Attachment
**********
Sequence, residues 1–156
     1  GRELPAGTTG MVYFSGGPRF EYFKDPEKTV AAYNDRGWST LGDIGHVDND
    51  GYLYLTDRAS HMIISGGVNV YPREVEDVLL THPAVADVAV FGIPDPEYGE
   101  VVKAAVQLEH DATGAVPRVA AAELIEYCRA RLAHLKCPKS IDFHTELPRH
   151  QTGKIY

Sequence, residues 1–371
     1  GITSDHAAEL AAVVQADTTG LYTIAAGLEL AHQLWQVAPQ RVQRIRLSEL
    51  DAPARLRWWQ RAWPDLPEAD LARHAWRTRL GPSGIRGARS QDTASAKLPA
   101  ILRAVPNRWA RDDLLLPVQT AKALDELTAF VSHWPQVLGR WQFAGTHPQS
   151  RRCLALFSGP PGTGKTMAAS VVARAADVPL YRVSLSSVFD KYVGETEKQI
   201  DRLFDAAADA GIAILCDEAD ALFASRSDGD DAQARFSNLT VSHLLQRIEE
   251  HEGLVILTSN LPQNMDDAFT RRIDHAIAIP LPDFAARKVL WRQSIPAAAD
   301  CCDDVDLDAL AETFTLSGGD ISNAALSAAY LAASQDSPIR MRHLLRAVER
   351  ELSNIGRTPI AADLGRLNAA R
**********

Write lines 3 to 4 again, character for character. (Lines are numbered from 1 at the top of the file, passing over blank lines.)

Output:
    51  GYLYLTDRAS HMIISGGVNV YPREVEDVLL THPAVADVAV FGIPDPEYGE
   101  VVKAAVQLEH DATGAVPRVA AAELIEYCRA RLAHLKCPKS IDFHTELPRH